JEFFERSON CITY - Missouri's partial-birth abortion controversy took a strange twist Thursday when the governor who vetoed legislation to ban the procedure called on lawmakers to pass another ban while sponsors of the original ban called for a delay.
Both sides denied they were playing politics or seeking political cover.
At a hastily scheduled news conference late Thursday afternoon, Gov. Mel Carnahan called on abortion rights opponents in the Senate to support his version of a partial-birth abortion bill.
Twenty four hours after his veto of a partial-birth abortion ban was sustained, Carnahan and Senate Democrats said the Senate should move soon on a nearly identical bill.
"We need to promptly deal with this," Carnahan said from the side gallery of the Senate, flanked by several Senate Democrats who had voted to sustain his veto.
Earlier in the day, anti-abortion rights leaders said the issue would not be brought up again until January.
Sen. Peter Kinder, R-Cape Girardeau, sponsored the original partial-birth abortion ban that was vetoed by the Governor. He said that the issue should be left until the next session.
"I don't think it will come to anything. I think we will adjourn without having addressed it," Kinder said. "We need to let the dust settle and we can come back in January."
Each side accused the other of political motivations in their actions on the issue.
"They're not going to get their bill, and even if they were to override, they know it's unconstitutional," Carnahan said.
Carnahan denied he was promoting his version of the ban in order to provide political cover to Democrats who switched their votes.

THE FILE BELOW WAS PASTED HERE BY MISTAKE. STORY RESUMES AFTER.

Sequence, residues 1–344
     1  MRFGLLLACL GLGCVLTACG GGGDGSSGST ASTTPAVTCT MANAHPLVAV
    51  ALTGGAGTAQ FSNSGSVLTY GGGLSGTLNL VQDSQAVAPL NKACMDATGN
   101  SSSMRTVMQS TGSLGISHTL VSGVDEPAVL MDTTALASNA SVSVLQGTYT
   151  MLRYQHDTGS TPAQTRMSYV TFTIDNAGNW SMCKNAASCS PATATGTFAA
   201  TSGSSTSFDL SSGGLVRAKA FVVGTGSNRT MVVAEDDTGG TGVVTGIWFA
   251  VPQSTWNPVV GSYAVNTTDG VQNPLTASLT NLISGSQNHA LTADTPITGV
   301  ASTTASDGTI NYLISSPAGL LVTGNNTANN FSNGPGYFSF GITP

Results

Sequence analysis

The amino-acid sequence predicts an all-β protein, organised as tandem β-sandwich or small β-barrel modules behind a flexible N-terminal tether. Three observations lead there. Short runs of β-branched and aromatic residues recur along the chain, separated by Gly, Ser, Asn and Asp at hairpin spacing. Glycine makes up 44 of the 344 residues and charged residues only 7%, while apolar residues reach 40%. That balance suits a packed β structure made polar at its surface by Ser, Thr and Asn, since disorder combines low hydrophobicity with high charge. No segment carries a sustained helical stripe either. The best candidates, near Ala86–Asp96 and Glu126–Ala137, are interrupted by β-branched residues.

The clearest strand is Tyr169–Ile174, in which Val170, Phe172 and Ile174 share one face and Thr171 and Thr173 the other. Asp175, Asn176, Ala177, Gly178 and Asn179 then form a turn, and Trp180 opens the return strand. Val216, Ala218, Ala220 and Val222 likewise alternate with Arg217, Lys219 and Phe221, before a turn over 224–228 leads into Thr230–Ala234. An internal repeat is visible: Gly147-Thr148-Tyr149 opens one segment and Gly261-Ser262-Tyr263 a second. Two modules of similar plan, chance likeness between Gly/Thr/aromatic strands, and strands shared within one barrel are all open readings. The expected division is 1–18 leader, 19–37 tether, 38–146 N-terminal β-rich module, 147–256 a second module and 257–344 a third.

Meanwhile, the top leader of the Senate said Thursday he will block Senate action on any of the abortion bills until there's agreement on a bill the governor can sign.
Senate President Pro Tem Bill McKenna, D-Jefferson County, said that he will not allow Senate action on the issue to proceed until a majority of the Senate tells him they agree on a bill the governor would sign.
"I've been asking the people on both sides where they are," said McKenna. "Maybe this weekend we can come up with something that makes sense. If both sides don't want to work on it, it probably won't happen."
McKenna, who voted to override the governor's veto, has refused to assign the two abortion bills to committee. That effectively blocks Senate action on the measures.
The deadlock does not center on the partial birth abortion ban -- both sides agree the ban is necessary. Both sides also agree to an exemption involving the life of the woman.
The disagreement is over an exemption the governor demands to allow the procedure when the doctor deems it necessary to protect the woman's health.
On Wednesday the Senate came one vote short of overriding the governor's veto of the bill banning a late-term abortion procedure. Supporters of the bill needed 23 votes to override, but got only 22 when Sen. Betty Sims, R-St. Louis County, became the lone Republican to vote for sustainment.
Sims voted against other members of her party because an exemption for the woman's health was necessary.
"Actually I'd spent a lot of time studying the bill," Sims said. "I have not changed my stand on the procedure. I'm very concerned about the language of the bill ... We have to protect these young women."
Minutes after the vote to sustain, the governor announced he was expanding the agenda of the special session to include a ban on partial birth abortion that includes the woman's life and health exemptions.
"I don't really know why he did that," Sims said. "I'm prepared to introduce the bill in January."
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